Project ArAGATS and “Drone” Archaeology

Ian Lindsay and Alan Greene pilot the Project ArAGATS drone.

The use of remotely controlled aerial photography platforms (or more sensationally, “drones”) has received a lot of press in the last few weeks.  The New York Times ran a story on the use of drones in archaeology last week focused primarily on work in the Andes.  This summer, Project ArAGATS deployed a DJI Phantom 2 to help document sites within our study area in central Armenia.

Cornell has posted a brief note about this work on their tumblr feed.  And now Purdue has released a more extensive story profiling our project pilot, Ian Lindsay.  In the article, Lindsay notes:

“It’s a good alternative to kites, balloons or sitting in the bucket of a crane with a camera trying to visually document these ancient sites. Drones offer a detailed aerial perspective that we’ve never had before, and by leveraging this technology archaeologists can be more efficient in the field as drones give us an immediate sense of spatial science scale useful for planning excavation.”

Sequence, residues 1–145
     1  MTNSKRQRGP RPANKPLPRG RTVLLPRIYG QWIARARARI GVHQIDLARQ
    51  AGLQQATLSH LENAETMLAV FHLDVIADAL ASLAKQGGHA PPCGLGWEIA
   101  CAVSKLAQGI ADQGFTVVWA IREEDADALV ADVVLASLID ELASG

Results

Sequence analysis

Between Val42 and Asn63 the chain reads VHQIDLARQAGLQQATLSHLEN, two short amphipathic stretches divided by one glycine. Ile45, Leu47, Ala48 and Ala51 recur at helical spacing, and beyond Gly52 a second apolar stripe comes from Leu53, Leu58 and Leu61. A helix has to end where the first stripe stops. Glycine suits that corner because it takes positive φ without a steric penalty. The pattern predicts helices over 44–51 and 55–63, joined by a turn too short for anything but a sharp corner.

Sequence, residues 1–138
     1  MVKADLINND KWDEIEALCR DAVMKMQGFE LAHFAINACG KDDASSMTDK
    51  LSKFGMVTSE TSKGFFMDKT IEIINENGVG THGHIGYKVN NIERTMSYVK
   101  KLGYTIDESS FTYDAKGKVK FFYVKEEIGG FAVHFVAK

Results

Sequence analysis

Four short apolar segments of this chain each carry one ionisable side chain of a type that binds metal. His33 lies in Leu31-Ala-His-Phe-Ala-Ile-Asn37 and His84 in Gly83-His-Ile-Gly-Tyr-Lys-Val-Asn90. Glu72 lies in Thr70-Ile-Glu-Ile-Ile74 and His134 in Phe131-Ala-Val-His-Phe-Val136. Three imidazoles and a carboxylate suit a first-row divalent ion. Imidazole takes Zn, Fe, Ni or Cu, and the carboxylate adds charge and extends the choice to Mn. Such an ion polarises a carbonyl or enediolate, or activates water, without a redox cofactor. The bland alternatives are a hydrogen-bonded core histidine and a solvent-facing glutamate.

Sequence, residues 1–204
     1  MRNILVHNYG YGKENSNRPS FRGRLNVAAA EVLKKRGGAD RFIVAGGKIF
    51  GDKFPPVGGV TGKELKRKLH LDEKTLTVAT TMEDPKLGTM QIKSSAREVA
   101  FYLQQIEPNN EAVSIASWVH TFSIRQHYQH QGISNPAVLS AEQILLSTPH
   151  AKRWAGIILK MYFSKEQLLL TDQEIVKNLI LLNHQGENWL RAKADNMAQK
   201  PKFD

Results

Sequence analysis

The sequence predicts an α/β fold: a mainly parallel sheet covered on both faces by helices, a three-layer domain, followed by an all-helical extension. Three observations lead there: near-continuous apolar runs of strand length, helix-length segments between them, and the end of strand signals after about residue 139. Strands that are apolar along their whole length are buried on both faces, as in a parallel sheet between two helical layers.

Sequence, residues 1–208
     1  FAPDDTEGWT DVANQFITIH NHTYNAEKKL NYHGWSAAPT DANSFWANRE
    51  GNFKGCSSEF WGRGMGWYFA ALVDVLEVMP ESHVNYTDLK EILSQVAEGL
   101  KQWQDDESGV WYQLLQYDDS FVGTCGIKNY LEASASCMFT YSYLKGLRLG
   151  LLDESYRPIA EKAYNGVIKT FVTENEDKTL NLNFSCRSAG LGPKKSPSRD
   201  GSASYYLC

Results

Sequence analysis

The first video project is now posted online on the vimeo feed of The Aragats Foundation and below:

Ancient Aragats: An Orientation from Aragats Foundation on Vimeo.

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